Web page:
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pavane

[ puh-vahn, -van; French pa-van ]

noun

, plural pa·vanes [p, uh, -, vahnz, -, vanz, p, a, -, van].
  1. a stately dance dating from the 16th century.
  2. the music for this dance.


pavane

/ -ˈvæn; ˈpævən; pəˈvɑːn /

noun

  1. a slow and stately dance of the 16th and 17th centuries
  2. a piece of music composed for or in the rhythm of this dance, usually characterized by a slow stately triple time


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Word History and Origins

Origin of pavane1

1525–35; < Middle French < Italian pavana, contraction of padovana (feminine) of Padua ( Italian Padova )
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Word History and Origins

Origin of pavane1

C16 pavan, via French from Spanish pavana, from Old Italian padovana Paduan (dance), from Padova Padua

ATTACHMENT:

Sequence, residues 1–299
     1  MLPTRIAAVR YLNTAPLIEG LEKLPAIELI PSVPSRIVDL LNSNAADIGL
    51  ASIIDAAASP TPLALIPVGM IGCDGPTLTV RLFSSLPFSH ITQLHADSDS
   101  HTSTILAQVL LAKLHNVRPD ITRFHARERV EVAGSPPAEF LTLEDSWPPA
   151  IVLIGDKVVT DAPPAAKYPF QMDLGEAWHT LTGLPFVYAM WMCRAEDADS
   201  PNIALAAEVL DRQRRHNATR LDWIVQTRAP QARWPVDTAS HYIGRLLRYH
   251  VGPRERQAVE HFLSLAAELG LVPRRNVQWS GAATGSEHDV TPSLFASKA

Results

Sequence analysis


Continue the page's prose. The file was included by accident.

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Example Sentences

He taught her the gavotte, the pavane, and many other dances, playing the measures on an old violin the while.

Very fine was the bow he made as he said: 'Mademoiselle, may I entreat the honour of your hand for the pavane?

So pavane followed gavotte and sarabande and the more modern minuet, and the ball was very brilliant and gay.

I have often seen them dancing the Pavane d'Espagne, which must be performed with the utmost majesty and grace.

He was enraptured to find her in so winning a mood that he proposed a pavane.

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pavagePavarotti